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Karo

A mainstay of northern beach communities, with flowers you can smell in the long summer evenings.

Karo
Pittosporum crassifolium
Can grow as high as
8m
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More about this tree

  • Karo is a small coastal tree native to the northern parts of the North Island, though it has also moved further south, where in some places it is considered a pest plant.
  • Clusters of small dark red/purple flowers are prolific in spring and summer. They are heavily scented and, like most pittosporum flowers, are particularly noticeable at nightfall.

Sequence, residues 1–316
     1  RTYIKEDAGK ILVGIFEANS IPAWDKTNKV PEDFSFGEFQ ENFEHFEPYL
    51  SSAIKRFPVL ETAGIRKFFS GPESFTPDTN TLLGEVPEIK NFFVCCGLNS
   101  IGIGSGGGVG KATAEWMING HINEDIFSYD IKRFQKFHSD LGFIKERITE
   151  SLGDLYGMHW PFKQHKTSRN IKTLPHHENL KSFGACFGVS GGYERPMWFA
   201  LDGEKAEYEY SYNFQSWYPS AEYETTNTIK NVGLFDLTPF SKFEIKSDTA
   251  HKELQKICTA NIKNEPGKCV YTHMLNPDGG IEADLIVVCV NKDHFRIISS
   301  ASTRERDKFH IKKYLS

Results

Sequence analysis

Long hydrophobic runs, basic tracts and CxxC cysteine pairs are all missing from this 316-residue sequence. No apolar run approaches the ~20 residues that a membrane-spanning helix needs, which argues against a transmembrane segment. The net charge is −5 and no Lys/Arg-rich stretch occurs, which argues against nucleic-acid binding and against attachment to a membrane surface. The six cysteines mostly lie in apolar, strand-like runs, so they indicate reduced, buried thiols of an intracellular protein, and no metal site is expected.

• The large seed capsules split to reveal sticky black seeds, which are dispersed by birds. 
  • It grows quickly on the coast, so is used frequently as a hedge or wind break in coastal environments.
  • Like the pōhutukawakaro has a thick leaf with a furry underside – an adaptation for coastal living to avoid moisture loss.
  • Records show that it has traditionally been used to produce black dye. 
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